This week we hosted a special webinar event featuring Susi Miller, author of Designing Accessible Learning Content: A practical guide to applying best-practice accessibility standards to L&D resources.
Susi Miller is a long-time friend of our dominKnow team, and she’s been our guest on Instructional Designers in Offices Drinking Coffee previously. And no matter how many times we’ve had Susi on for a conversation about accessibility, there is always more to discuss. So we decided to set up this week’s session for some more-focussed time on accessibility.
Here at dominKnow, we’ve been innovating on learning content authoring tools for more than 20 years, and content accessibility has long been an important focus for us.
When I first started in this space, only government-mandated departments and agencies ever raised the issue of accessibility. And in the first wave of eLearning, a majority of content was published as Flash files, so accessibility was a constant challenge. Sadly, sometimes the best that could be done was to make sure there was a PDF version of the content included for download.
When mobile devices came along they pushed Flash content to extinction, which has been a real benefit for accessibility. Content published as HTML is far more accessible for screen readers and keyboard users, and it was part of the reason we began focussing on strictly HTML5 output with the release of Claro back in 2012.
Over the past few years, more and more organizations ask about accessibility early on when they’re looking for content authoring options. They recognize that it needs to be part of their work process. And that’s such a good thing!
After all, whether you’ve made a great elearning course or a really helpful searchable knowledge base, if that content can’t be used by everyone in your organization then you aren’t truly helping to improve performance for everyone.
In our dominKnow | ONE authoring solution, we’ve continuously added new tools and features to help support our clients meet their accessibility goals.
At the start of this week’s session, I had a chance to show off one of those features, our Accessibility tab.
As you author content in dominKnow | ONE, media elements that don’t have sufficient accessibility support get flagged right on your page. That means videos without closed captioning, audio files without transcripts and images without alt text.
And you can immediately follow up, by opening the Accessibility tab below the authoring stage.
The Accessibility tab is an industry-first. In the case of an image, you can add both alt text and screen reader text right away. You can also control whether the selected element should be part of the tab order for screen reader and keyboard users.
Plus, the Accessibility tab also provides contextual information, tips and best practices for the type of element you have selected. This is critically important! As Susi pointed out in this week’s webinar, accessibility is more than just a simple set of checkboxes, and there is always more to learn. And the Accessibility tab is there to help you improve the accessibility of your content, whether you’re an expert or a novice.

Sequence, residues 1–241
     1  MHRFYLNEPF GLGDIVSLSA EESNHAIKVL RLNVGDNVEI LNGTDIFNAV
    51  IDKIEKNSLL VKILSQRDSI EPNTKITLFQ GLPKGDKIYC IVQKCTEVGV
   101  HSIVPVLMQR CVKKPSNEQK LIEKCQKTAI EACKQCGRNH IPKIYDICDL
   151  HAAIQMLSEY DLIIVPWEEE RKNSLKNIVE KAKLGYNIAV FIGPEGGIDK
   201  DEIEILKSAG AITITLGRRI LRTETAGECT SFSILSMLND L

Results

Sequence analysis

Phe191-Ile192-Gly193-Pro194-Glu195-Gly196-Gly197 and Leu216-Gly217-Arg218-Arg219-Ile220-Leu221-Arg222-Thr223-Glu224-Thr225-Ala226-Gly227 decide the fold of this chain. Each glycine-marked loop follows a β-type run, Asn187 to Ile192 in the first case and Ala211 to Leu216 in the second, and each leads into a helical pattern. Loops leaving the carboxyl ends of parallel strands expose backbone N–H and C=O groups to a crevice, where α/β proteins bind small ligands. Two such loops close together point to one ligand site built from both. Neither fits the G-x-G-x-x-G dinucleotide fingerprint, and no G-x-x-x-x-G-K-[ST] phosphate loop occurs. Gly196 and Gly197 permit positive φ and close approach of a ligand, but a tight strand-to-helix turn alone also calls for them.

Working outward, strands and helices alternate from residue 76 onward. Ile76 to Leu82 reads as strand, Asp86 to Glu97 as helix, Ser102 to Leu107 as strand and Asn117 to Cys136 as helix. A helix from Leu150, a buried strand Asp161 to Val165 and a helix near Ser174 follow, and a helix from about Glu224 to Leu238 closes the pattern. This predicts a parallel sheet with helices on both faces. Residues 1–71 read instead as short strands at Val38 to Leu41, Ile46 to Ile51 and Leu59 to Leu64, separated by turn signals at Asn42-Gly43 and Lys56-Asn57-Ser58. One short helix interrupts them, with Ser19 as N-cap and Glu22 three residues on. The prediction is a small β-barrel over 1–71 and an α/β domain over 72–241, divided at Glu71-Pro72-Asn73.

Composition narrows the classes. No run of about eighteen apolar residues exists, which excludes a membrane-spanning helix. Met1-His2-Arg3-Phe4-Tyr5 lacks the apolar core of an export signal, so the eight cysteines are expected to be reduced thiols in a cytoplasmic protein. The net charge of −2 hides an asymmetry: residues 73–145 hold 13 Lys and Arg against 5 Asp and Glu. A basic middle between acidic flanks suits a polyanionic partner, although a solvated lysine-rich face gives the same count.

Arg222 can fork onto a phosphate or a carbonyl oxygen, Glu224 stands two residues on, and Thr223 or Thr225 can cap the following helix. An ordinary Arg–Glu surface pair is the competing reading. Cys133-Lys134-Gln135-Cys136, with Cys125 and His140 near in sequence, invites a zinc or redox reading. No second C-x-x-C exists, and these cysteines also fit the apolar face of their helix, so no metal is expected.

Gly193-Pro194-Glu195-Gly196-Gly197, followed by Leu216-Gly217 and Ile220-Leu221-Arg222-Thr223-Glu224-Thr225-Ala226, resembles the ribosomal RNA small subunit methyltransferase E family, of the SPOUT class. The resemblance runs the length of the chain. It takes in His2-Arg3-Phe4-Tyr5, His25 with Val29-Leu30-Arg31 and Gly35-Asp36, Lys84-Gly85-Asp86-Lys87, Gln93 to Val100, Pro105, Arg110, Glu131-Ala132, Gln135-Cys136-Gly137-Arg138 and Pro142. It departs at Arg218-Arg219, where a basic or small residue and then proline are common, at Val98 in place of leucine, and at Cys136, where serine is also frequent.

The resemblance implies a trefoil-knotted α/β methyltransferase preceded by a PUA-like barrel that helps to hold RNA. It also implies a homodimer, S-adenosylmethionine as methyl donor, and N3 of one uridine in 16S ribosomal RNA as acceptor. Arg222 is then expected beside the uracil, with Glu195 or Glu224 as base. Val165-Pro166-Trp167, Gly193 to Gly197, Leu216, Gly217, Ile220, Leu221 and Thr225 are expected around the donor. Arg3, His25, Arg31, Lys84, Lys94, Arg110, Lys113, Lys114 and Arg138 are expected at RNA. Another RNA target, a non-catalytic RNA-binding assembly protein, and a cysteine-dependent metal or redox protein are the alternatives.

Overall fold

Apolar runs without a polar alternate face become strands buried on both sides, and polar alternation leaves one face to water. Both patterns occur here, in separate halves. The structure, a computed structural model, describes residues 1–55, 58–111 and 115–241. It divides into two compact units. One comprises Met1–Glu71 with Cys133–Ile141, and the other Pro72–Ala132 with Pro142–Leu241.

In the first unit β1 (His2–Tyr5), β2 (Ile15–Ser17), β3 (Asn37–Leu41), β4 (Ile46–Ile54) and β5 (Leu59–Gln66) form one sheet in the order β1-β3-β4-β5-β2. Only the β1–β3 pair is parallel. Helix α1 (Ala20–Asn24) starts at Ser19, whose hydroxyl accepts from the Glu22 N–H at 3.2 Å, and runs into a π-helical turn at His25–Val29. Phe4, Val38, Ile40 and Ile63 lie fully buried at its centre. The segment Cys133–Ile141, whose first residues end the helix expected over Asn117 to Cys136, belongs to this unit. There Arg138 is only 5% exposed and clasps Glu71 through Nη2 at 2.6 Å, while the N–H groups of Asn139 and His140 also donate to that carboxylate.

So for an image, the Accessibility tab explains how a screen reader will encounter the image and use the accessibility information you’ve provided.
For a Text element, the Accessibility tab explains how your choice of text element settings help structure your page’s content and how that structure helps a screen reader user makes sense of the information on your page.
And the Accessibility tab is available for every type of on-page element, ready for you.
The Accessibility tab is just one example of the many tools available in dominKnow | ONE to help your team create content that is truly accessible, and that can truly help improve performance for everyone in your organization.
Other accessibility-related features and tools include:
We’ve come a long way from the days when too many folks thought accessibility just meant having a PDF copy of your course available for download.
Susi’s presentation included some really helpful resources, tools and websites for accessibility.
At the top of the list is Susi’s own book, Designing Accessible Learning Content: A practical guide to applying best-practice accessibility standards to L&D resources, which is available on Amazon.
Susi’s presentation also referenced:
Susi has also been creating an online course based on her book, and you can sign up for a preview of it.
If your content creation process can’t fully support all learners, then maybe it’s time to think about changing.
After all, if you’re not helping everyone, you’re leaving someone behind.
Sign up for a free trial or, even better, choose Demo from the drop down to book time with one of our dominKnow | ONE experts who can walk you through the ways our dominKnow | ONE solution can truly make a difference for accessible learning content.
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